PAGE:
This site has been established to serve as a link among those who might be interested in the Lang family of Massachusetts. Benjamin Johnson Lang (1837-1909) could be seen as the Leonard Bernstein of his time-a conductor, a solo pianist, a writer and lecturer, a champion for new music, and a man well acquainted with all the musical schools of his time-a man who influenced the musical growth of his part of the country for over forty years. There is a direct link between these two men; Lang taught Edward Burlingame Hill, and Hill in turn taught Bernstein at Harvard.  “In fact, a history of the life and activities of Mr. Lang for three decades or more would to a considerable extent chronicle the musical life of Boston for the same period.” (Hill, p. 9) Lang is credited with suggesting that the Harvard Musical Association present orchestral concerts, and he served on its Program Committee (Mus. Ob., 1884). Louis Elson (quoted by Fox) expressed the same opinion in 1904: “Benjamin Johnson Lang is one of the most typically American figures that we can find in our musical history. He is a man of enterprise beyond European comprehension. Lang is so thoroughly interwoven with musical progress of every kind in the United States that there is scarcely any classification of musicians in which his name would not fitly find place. It is not an exaggeration to state that no man has done more for the educational advance in America in music than B. J. Lang. The time will come when Americans will recognize him as among the very foremost of those who created musical taste among us.” (Fox, Papers, p. 1)(and Elson, p. 261) “He was an antidote to the conservatism of Dwight and Dresel, introducing many new works to Bostonians.” (Tara, p. 41) Amy Beach, writing in 1937 to Arthur Foote remembered “the time from 1880 to 1900 was a golden time.” (Block, AMY BEACH, p. 284) Having been criticized for allowing the orchestra to overpower the choir, in his Dvorak Stabat Mater performances by the Cecilia in January 1884, he placed the orchestra behind the choir as Haydn had done in his Creation performances. He also used this same arrangement for Apollo Club performances.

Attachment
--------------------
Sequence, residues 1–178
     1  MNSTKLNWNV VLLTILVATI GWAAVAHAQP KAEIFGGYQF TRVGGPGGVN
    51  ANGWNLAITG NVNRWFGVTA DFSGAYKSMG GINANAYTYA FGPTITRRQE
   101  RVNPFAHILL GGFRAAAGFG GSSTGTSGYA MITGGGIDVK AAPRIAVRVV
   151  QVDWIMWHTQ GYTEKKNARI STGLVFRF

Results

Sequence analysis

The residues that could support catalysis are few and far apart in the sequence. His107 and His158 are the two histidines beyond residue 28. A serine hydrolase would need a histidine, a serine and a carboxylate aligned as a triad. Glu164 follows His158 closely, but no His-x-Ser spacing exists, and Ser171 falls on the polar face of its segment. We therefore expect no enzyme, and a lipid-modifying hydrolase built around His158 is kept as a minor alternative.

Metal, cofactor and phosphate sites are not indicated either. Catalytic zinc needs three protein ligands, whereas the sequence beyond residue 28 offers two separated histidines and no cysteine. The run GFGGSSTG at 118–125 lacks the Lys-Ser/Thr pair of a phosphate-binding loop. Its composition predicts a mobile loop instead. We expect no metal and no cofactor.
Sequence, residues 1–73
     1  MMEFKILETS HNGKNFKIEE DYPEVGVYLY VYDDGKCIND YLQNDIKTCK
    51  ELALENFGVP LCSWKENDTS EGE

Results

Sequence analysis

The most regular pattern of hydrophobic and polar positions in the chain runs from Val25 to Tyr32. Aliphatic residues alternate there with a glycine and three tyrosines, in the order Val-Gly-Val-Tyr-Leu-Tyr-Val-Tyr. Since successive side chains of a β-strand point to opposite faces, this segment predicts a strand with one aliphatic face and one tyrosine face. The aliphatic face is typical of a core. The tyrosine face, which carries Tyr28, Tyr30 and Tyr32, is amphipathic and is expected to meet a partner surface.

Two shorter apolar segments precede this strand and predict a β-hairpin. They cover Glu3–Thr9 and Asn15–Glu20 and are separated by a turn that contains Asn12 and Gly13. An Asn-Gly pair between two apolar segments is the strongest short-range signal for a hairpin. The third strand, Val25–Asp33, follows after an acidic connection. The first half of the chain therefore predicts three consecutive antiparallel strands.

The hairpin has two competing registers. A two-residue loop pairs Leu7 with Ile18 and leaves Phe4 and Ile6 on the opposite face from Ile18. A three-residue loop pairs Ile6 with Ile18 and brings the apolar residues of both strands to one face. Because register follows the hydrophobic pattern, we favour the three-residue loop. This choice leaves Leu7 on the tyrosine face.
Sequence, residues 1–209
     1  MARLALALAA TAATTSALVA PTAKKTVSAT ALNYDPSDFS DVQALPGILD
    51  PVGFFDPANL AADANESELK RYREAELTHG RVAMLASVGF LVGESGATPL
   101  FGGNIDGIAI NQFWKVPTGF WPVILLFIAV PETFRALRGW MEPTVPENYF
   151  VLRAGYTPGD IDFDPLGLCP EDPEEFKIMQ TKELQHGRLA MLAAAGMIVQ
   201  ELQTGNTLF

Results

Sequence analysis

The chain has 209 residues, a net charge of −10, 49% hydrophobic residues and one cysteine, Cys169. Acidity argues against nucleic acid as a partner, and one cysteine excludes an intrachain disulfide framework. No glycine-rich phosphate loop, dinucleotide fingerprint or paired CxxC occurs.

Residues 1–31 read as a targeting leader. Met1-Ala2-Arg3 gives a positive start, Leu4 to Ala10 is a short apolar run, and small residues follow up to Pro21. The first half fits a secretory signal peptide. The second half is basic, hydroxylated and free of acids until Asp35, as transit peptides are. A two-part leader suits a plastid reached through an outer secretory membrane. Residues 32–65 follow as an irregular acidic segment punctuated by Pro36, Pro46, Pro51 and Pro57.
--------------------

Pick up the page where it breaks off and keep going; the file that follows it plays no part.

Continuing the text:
He was the founding conductor of two choral groups that are still active in Boston today. The Cecilia, a mixed voice choir began in 1874 as an adjunct of the Harvard Musical Association Orchestra. In 1876 it became an independent group with 100 singers and 300 subscribing members. Lang conducted the choir for 33 years, retiring just two years before his death in 1909. The group was known for presenting new works-Lang gave first Boston performances to 106, with 12 of these being first American performances and another 12 being world premiers. (Hill, pp. 21-23)

Many pupils, including his three children surviving continued his influence, the most notable being his eldest, Margaret Ruthven Lang, (1867-1972) who had many musical “firsts” in her lifetime that stretched for 104 years. As late as 1936 critical opinion still held that “In real depth her compositions are superior to [those of] any other American woman composer,” (Barnes, p. 10) Music continues to be apart of the lives of the current Lang generation with Anne Hooper (daughter of Malcolm’s daughter, Helen Lang Hooper) being a free-lance violinist in Boston today, and a former Manager of the Boston Pro Arte Orchestra.

The information on this site is provided in order to lead those who are interested into a deeper study of this family. Corrections, additions, comments, etc. are welcomed and will be added and cited. Currently material has been added even though it might contradict other material; an example of this is the exact sequence of B. J.’s organ career. It is hoped that those who have done research in this area will be willing to share their findings which will lead to a clear history of this family and ultimately, performances of Margaret’s music. Copies of her works will be available on loan.